Anomalous Cepheids in the Large Magellanic Cloud. Insight into their origin and connection with the star formation history

Fiorentino, G.; Monelli, M.
Bibliographical reference

Astronomy & Astrophysics, Volume 540, id.A102

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4
2012
Description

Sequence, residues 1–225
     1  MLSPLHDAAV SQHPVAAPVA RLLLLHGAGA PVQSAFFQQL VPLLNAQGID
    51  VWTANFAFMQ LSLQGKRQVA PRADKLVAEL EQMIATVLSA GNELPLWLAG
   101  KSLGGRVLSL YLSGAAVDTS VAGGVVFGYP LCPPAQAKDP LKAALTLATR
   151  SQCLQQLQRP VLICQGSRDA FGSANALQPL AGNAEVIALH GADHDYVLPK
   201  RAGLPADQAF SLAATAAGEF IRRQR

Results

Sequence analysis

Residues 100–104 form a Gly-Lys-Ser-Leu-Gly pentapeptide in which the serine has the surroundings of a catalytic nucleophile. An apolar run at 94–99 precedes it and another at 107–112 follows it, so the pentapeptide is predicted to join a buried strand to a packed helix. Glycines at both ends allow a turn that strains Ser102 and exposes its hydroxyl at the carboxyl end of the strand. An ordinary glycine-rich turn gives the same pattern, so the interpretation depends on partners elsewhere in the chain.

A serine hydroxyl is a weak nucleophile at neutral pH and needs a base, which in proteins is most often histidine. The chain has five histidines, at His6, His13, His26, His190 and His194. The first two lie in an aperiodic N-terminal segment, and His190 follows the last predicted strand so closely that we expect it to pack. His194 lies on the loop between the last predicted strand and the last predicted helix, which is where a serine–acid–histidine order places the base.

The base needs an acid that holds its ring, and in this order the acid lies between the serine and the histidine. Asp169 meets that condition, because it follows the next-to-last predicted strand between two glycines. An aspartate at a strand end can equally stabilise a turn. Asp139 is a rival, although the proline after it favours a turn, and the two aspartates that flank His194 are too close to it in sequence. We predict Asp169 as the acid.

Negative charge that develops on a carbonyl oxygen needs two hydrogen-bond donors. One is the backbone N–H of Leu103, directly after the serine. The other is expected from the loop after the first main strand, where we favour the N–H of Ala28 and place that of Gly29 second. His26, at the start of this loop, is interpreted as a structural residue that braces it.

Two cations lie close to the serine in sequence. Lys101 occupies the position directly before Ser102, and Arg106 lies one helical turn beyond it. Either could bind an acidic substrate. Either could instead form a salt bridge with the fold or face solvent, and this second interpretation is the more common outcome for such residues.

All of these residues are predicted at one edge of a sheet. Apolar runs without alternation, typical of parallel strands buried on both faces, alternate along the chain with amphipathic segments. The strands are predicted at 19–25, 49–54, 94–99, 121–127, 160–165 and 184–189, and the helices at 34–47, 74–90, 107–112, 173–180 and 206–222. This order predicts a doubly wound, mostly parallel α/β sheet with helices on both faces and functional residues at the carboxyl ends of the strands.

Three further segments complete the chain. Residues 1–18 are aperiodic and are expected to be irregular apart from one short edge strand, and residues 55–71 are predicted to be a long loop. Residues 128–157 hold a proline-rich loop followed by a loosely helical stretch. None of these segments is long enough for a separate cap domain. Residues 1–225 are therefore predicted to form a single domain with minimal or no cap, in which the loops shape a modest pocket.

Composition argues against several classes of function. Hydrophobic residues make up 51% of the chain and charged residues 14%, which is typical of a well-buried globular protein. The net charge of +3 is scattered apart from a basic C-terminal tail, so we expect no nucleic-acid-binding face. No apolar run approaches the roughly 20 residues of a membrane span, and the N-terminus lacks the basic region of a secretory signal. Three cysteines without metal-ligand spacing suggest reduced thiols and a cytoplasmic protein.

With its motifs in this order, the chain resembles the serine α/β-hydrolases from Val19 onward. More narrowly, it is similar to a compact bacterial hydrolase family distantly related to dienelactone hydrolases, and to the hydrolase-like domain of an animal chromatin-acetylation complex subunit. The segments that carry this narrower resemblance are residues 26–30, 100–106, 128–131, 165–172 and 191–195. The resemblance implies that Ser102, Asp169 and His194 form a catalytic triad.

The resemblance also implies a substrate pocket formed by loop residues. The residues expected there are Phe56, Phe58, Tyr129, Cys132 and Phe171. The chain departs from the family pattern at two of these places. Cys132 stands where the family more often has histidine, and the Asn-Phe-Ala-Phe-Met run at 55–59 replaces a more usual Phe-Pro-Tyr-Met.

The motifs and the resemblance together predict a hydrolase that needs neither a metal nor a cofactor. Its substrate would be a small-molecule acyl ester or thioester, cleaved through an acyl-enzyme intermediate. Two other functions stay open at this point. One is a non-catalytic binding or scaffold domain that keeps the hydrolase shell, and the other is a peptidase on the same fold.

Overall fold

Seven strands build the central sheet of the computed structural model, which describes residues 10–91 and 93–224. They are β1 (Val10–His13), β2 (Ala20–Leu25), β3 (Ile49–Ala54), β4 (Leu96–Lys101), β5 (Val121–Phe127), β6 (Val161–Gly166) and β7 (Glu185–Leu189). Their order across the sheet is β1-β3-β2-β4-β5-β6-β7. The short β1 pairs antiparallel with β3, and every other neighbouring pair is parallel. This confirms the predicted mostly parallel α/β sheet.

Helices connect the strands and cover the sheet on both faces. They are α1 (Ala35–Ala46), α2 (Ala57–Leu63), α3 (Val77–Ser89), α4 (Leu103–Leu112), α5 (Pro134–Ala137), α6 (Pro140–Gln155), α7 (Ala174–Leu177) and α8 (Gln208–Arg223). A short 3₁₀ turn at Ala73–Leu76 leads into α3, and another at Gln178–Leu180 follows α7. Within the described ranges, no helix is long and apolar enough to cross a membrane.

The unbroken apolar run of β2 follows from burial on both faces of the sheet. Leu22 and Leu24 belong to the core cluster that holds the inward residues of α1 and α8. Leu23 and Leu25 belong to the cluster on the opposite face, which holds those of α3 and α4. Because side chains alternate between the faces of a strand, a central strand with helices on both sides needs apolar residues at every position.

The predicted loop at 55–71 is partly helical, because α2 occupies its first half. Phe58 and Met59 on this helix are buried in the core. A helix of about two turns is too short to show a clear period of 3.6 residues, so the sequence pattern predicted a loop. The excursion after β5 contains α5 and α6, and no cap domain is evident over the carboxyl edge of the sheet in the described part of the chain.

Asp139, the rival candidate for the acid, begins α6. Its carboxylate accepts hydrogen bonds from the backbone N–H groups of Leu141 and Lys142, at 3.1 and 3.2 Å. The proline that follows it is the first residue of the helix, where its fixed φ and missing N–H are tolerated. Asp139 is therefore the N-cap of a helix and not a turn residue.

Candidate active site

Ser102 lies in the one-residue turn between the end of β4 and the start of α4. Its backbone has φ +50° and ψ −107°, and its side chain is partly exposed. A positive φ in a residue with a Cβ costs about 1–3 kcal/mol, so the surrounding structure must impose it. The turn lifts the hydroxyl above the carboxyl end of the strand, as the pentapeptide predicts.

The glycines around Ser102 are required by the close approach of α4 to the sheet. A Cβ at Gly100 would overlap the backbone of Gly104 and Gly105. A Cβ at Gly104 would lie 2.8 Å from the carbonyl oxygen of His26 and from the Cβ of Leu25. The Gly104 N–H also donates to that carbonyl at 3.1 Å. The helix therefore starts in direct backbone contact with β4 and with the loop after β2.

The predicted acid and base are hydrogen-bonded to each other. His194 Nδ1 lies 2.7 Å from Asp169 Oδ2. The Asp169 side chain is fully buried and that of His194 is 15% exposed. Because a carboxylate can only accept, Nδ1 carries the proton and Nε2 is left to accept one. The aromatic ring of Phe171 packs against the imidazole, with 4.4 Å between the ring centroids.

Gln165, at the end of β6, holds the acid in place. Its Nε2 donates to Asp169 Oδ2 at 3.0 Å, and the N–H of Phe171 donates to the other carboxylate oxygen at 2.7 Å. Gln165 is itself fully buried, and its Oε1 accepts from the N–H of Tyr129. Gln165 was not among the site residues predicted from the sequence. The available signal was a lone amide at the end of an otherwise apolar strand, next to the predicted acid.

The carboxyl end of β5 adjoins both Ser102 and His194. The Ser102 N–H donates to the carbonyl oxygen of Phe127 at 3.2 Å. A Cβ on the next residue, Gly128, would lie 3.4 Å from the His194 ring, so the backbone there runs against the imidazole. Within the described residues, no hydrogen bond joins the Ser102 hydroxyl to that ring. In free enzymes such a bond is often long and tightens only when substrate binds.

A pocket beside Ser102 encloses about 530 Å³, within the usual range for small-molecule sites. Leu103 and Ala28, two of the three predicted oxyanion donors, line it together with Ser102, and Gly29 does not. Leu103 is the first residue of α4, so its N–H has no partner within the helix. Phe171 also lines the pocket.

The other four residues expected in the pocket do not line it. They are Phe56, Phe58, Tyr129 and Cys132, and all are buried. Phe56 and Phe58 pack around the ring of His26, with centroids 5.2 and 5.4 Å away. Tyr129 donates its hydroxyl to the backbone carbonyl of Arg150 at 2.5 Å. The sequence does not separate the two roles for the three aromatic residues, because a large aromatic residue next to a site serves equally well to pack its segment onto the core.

Context. The properties of variable stars can give independent constraints on the star formation history of the host galaxy, by determining the age and metallicity of the parent population. Aims: We investigate the pulsation properties of 84 Anomalous Cepheids (ACs) detected by the OGLE-III survey in the Large Magellanic Cloud (LMC), in order to understand the formation mechanism and the characteristics of the parent population they came from. Methods: We used an updated theoretical pulsation scenario to derive the mass and the pulsation mode of each AC in the sample. We also used a Kolmogorov-Smirnov test to analyze the spatial distribution of the ACs, in comparison with that of other groups of variable stars, and connect their properties with the star formation history of the LMC. Results: We find that the mean mass of ACs is 1.2 ± 0.2 M&sun;. We show that ACs do not follow the same spatial distribution of classical Cepheids. This and the difference in their period-luminosity relations further support the hypothesis that ACs are not the extension to low luminosity of classical Cepheids. The spatial distribution of ACs is also different from that of bona-fide tracers of the old population, such as RR Lyrae stars and population II Cepheids. We therefore suggest that the majority of ACs in the LMC are made of intermediate-age (1-6 Gyr), metal-poor single stars. Finally, we investigate the relation between the frequency of ACs and the luminosity of the host galaxy, disclosing that purely old systems follow a very tight relation and that galaxies with strong intermediate-age and young star formation tend to have an excess of ACs, in agreement with their hosting ACs formed via both single and binary star channels. Based on observations released by the Optical Gravitational Lensing Experiment (OGLE-III).
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